Two Phases of C-Peptide Decline Identified in Type I Diabetes

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Investigators identified 2 phases of C-peptide decline, the initial exponential fall and a stable period that follows.
Investigators identified 2 phases of C-peptide decline, the initial exponential fall and a stable period that follows.

There are 2 phases of C-peptide decline that occur during the first 4 decades following a diagnosis of type 1 diabetes (T1D), and further understanding of the pathophysiologic and immunologic differences between these two phases may help increase knowledge of β-cell survival, according to a study published in Diabetes Care.

The decline in C-peptide during the first 5 years following the diagnosis of T1D has been well studied, but much less is known about long-term sequelae. In this study, the investigators evaluated the trajectory of C-peptide levels in a large cohort of 1549 patients up to 40 years after receiving a diagnosis of T1D. The cross-sectional study assessed the pattern of association between urinary C-peptide/creatinine ratio (UCPCR) and duration of diabetes using nonlinear regression approaches, and then the investigators replicated their results in longitudinal follow-up data for both UCPCR (n=161 individuals, 326 observations) and plasma C-peptide (n=93 individuals, 473 observations).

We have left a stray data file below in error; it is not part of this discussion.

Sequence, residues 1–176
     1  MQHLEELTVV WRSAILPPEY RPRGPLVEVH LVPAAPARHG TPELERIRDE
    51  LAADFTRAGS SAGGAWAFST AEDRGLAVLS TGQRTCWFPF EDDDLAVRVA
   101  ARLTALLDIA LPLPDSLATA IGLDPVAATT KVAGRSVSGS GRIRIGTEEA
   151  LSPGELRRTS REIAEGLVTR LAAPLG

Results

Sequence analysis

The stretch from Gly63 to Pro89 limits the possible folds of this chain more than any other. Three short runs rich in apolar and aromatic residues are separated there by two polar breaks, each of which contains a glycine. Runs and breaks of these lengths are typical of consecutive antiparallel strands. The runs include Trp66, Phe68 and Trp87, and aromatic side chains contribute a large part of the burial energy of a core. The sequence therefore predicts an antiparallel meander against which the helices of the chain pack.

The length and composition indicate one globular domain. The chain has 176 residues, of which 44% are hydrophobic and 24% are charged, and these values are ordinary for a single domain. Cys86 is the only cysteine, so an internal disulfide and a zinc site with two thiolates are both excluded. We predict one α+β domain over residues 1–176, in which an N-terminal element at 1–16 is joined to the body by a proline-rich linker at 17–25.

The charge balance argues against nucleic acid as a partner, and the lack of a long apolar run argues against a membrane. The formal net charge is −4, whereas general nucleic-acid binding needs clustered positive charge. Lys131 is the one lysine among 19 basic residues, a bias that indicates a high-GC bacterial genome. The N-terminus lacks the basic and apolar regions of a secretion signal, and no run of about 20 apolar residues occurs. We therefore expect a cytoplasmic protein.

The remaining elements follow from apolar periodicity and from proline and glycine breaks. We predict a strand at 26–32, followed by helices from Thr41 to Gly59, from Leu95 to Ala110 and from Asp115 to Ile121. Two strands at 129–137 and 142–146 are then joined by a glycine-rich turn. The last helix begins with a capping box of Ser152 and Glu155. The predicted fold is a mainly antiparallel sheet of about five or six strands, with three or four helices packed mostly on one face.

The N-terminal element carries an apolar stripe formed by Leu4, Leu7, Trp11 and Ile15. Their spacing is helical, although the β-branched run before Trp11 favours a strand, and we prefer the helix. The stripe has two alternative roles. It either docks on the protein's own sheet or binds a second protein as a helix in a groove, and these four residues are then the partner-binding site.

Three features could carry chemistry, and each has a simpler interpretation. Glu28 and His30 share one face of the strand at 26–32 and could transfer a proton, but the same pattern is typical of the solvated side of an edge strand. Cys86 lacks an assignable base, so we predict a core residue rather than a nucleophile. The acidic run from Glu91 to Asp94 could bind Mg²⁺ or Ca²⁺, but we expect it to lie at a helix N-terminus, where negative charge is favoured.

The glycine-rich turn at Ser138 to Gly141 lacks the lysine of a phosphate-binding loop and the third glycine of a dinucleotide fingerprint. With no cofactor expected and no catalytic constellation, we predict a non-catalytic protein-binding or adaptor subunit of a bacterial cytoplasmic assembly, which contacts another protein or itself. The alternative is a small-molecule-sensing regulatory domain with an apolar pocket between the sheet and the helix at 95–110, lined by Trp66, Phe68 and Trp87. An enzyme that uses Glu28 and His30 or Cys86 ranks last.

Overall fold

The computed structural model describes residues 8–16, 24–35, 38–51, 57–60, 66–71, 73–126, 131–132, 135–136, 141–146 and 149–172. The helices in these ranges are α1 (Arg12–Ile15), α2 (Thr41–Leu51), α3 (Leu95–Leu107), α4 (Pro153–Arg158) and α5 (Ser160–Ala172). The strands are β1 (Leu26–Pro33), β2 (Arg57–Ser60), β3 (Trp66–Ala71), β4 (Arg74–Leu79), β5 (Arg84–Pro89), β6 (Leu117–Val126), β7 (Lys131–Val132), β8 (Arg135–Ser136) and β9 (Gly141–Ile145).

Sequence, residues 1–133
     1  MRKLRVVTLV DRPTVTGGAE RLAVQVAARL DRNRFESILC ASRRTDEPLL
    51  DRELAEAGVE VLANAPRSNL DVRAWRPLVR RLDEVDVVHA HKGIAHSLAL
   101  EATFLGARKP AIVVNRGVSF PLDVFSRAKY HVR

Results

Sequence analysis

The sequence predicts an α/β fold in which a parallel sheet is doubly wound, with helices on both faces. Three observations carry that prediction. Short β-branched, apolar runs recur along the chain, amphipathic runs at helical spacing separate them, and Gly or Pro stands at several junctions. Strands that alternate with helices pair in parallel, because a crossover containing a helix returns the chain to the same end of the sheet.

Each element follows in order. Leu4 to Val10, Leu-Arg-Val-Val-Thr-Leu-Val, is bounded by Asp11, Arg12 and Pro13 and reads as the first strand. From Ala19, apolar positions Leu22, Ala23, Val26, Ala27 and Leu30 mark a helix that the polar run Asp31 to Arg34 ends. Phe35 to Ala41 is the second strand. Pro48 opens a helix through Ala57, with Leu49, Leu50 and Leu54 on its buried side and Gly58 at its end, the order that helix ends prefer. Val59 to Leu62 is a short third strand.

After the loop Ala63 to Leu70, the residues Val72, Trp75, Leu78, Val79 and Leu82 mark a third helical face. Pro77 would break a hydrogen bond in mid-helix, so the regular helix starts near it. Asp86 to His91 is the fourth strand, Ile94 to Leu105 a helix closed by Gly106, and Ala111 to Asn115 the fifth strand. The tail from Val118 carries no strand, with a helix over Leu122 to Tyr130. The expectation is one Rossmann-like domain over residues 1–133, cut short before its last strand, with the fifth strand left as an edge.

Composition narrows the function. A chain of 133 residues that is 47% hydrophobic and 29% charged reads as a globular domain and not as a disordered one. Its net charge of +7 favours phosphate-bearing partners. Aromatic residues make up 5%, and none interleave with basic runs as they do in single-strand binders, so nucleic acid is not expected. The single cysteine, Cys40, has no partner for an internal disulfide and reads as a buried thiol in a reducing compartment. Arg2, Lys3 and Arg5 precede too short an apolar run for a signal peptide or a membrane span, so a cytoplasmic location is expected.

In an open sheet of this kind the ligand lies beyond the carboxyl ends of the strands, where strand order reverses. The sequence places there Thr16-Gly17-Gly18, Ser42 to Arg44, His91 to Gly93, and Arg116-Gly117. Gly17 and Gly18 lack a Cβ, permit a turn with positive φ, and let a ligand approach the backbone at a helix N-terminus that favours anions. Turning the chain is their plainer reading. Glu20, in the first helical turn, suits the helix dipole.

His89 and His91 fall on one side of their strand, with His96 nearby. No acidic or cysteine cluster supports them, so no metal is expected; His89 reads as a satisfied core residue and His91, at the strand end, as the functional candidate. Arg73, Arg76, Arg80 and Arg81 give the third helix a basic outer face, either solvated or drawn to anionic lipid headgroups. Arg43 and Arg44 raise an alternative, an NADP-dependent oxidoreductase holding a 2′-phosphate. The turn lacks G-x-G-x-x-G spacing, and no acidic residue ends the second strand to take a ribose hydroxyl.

In the cohort, 2 clear phases of C-peptide decline were identified. The first decline occurred over a 7-year period (47% decrease/year [95% CI, −51% to −43%]) and that was followed by a period of stability (+0.07%/year [−1.3 to +1.5]). The durations and slopes in patients above and below the median age at diagnosis (10.8) were similar in both phases, but levels were lower in younger patients irrespective of duration. Patterns also remained consistent for both longitudinal UCPCR (n=162; ≤7 years duration: −48%/year [−55% to −38%]; >7 years duration −0.1% [−4.1% to +3.9%]) and plasma C-peptide (n=93; >7 years duration only: −2.6% [−6.7% to +1.5%]).

The investigators note that the stabilization of C-peptide levels 7 years after diagnosis “suggests that there are important and previously unrecognized changes in immune function and/or β-cell viability around this time that may have critical implications for future pharmaceutical interventions.”

Reference

Shields BM, McDonald TJ, Oram R, et al; TIGI Consortium. C-peptide decline in type 1 diabetes has two phases: An initial exponential fall and a subsequent stable phase [published online Jun 7, 2018]. Diabetes Care. doi:10.2337/dc18-0465

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